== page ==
When the day came round for my return to the scene of the deed of violence, my terrors reached their height. Whether myrmidons of Justice, specially sent down from London, would be lying in ambush behind the gate? Whether Miss Havisham, preferring to take personal vengeance for an outrage done to her house, might rise in those grave-clothes of hers, draw a pistol, and shoot me dead? Whether suborned boys — a numerous band of mercenaries — might be engaged to fall upon me in the brewery, and cuff me until I was no more? It was high testimony to my confidence in the spirit of the pale young gentleman, that I never imagined him accessory to these retaliations; they always came into my mind as the acts of injudicious relatives of his, goaded on by the state of his visage and an indignant sympathy with the family features.
However, go to Miss Havisham’s I must, and go I did. And behold! nothing came of the late struggle. It was not alluded to in any way, and no pale young gentleman was to be discovered on the premises. I found the same gate open, and I explored the garden, and even looked in at the windows of the detached house; but, my view was suddenly stopped by the closed shutters within, and all was lifeless. Only in the corner where the combat had taken place, could I detect any evidence of the young gentleman’s existence. There were traces of his gore in that spot, and I covered them with garden-mould from the eye of man.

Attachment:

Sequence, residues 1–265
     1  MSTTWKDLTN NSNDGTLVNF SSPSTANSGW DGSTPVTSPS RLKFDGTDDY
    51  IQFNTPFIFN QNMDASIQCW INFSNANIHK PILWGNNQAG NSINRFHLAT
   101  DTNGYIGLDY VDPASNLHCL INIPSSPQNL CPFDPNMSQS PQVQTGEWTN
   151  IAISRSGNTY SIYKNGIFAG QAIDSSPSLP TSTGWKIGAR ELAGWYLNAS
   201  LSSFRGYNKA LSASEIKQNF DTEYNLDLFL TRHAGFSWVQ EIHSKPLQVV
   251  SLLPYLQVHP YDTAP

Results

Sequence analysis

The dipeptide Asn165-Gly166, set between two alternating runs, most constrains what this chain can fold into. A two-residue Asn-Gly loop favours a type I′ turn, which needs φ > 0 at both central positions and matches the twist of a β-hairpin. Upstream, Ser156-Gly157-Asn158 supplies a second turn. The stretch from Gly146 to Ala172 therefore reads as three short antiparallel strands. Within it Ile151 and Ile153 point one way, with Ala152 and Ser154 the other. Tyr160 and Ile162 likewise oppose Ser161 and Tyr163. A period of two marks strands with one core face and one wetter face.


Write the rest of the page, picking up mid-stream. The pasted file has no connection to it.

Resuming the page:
On the broad landing between Miss Havisham’s own room and that other room in which the long table was laid out, I saw a garden-chair — a light chair on wheels, that you pushed from behind. It had been placed there since my last visit, and I entered, that same day, on a regular occupation of pushing Miss Havisham in this chair (when she was tired of walking with her hand upon my shoulder) round her own room, and across the landing, and round the other room. Over and over and over again, we would make these journeys, and sometimes they would last as long as three hours at a stretch. I insensibly fall into a general mention of these journeys as numerous, because it was at once settled that I should return every alternate day at noon for these purposes, and because I am now going to sum up a period of at least eight or ten months.